We demonstrate the capabilities of the TPA framework by investigating four examples of stochastic reaction networks: a bistable switch in the five-dimensional Schlögl model [23], oscillations in the seven-dimensional cell cycle model [24], neurons excitability in the six-dimensional FitzHugh–Nagumo system [4] and a 20-dimensional reaction chain [25] (see electronic supplementary material, appendix S2, for more details of these models). Table 1 compares computational performance of the TPA with the traditional matrix-based methods for the computation of the parametric steady-state distribution . The minimum memory requirements of solving the CME and the CFPE using matrix-based methods, Mem_{CME} and Mem_{CFPE}, are estimated as products of numbers of discrete states times the total number of parameter combinations. They vary in ranges 10^{13}–10^{44} and 10^{11}–10^{54}, respectively, which are beyond the limits of the available hardware. In contrast, the TPA maintains affordable computational and memory requirements for all four problems considered, as we show in table 1. The major memory requirements of the TPA are Mem_{A} and Mem* _{p}* to store the discretized Fokker–Planck operator and the steady-state distribution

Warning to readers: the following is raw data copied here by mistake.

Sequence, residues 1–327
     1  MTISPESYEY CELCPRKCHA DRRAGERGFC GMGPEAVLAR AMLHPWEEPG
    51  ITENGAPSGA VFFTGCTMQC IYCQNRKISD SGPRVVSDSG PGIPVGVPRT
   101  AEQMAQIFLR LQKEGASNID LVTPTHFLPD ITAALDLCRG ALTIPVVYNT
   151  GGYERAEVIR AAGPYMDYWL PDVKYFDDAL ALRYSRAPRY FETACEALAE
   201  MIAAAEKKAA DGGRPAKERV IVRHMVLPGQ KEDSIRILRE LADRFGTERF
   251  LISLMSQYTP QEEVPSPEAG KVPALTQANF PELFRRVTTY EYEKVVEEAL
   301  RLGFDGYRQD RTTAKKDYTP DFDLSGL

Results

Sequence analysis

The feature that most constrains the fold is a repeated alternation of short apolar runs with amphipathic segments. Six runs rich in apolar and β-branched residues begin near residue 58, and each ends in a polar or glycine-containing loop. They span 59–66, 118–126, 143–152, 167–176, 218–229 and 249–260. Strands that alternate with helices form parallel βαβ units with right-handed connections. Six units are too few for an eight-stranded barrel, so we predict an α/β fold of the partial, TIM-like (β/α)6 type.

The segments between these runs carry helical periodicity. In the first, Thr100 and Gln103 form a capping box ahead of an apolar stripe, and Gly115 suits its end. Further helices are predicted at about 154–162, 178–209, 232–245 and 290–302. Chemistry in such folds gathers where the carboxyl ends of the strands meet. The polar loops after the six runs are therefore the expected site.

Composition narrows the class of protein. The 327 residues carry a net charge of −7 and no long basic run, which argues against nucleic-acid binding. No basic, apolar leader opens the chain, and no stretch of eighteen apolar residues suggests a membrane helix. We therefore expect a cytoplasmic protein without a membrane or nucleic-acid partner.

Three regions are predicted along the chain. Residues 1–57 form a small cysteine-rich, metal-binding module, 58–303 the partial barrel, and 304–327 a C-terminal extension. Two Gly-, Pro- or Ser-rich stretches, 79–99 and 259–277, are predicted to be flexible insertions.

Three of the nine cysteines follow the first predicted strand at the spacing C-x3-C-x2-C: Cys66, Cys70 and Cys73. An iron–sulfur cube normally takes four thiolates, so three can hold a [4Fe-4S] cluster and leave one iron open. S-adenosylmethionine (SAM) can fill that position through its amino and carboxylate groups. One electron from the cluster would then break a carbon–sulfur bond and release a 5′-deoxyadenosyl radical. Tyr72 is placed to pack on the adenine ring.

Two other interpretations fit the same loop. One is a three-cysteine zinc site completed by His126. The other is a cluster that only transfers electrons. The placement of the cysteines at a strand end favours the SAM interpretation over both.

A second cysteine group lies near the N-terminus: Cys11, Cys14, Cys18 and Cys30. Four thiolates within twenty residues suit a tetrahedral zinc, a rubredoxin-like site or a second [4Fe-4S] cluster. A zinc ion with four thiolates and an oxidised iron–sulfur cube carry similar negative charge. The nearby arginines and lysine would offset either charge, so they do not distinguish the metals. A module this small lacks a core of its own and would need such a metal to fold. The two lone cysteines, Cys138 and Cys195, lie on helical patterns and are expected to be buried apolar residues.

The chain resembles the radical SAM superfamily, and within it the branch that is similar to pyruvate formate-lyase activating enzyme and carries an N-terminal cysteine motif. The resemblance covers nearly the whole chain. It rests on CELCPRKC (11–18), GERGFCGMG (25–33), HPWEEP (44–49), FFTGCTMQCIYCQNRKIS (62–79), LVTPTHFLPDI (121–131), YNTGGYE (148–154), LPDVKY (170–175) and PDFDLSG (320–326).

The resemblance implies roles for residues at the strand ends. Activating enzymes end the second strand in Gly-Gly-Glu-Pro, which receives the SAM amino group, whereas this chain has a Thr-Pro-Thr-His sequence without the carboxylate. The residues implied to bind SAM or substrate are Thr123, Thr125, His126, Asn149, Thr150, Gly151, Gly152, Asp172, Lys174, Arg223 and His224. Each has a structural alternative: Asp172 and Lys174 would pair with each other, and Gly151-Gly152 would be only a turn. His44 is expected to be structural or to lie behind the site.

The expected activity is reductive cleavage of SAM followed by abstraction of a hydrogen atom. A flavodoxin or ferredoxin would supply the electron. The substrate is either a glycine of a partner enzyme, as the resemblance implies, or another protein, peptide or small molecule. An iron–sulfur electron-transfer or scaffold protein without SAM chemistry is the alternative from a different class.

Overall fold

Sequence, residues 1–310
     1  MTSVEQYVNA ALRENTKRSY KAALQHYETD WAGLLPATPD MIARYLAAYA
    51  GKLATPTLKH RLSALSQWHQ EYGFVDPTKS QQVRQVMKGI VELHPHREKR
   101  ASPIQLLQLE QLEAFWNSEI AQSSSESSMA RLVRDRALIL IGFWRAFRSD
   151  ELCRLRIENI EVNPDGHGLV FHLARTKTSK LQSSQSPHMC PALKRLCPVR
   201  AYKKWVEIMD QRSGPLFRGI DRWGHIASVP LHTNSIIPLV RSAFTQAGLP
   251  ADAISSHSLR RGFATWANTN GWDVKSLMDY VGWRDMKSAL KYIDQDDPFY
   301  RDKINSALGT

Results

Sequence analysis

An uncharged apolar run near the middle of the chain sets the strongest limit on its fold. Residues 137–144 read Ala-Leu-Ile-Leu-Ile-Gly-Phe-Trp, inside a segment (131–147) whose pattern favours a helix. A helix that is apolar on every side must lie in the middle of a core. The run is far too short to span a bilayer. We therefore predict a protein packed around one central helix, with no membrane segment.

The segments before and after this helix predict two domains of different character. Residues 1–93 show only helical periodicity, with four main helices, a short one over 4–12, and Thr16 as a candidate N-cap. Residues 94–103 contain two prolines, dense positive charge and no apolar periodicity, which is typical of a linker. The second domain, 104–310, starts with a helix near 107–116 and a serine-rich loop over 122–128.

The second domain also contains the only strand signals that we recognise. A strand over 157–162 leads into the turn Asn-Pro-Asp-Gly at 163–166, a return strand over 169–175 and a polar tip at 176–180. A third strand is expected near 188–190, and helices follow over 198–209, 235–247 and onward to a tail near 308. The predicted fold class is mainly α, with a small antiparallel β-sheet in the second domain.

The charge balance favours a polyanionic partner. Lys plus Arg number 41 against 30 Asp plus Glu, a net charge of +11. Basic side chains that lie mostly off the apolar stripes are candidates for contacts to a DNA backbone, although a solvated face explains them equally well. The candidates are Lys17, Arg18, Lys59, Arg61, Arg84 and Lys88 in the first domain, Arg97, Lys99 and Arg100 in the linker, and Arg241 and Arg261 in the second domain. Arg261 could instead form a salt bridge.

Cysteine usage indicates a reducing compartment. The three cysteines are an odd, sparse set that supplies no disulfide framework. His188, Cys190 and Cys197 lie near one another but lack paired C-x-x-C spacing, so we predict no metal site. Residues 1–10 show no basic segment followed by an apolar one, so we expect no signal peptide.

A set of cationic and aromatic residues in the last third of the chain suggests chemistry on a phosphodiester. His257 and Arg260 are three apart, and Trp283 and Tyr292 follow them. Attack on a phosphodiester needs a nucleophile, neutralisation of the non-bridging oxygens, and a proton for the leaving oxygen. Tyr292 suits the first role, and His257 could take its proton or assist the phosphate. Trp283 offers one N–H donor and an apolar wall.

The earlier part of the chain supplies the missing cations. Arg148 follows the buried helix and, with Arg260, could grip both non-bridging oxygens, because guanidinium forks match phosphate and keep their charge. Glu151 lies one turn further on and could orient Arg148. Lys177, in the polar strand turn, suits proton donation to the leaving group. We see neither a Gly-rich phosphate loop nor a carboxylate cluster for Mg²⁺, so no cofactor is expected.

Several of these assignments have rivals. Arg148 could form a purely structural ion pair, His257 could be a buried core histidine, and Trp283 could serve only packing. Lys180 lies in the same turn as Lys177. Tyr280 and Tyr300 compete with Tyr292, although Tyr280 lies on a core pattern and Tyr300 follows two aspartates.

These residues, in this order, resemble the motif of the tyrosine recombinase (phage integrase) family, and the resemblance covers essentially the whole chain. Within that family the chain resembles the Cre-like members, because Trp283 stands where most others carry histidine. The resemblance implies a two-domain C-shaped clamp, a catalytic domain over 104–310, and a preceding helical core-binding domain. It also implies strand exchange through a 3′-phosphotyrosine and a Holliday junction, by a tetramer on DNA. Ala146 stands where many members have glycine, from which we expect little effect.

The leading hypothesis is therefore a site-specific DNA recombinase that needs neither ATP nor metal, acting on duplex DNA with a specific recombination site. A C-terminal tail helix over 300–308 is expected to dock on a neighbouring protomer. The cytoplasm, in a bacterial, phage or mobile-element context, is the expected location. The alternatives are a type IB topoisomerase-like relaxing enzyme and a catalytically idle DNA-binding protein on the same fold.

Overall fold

*p*(

**x**|

**k**), respectively (see electronic supplementary material, appendix S1, for detailed definitions). Similarly,

*T*

**is the computational time to assemble the operator and**

_{A}*T*

_{tot}is the total computational time.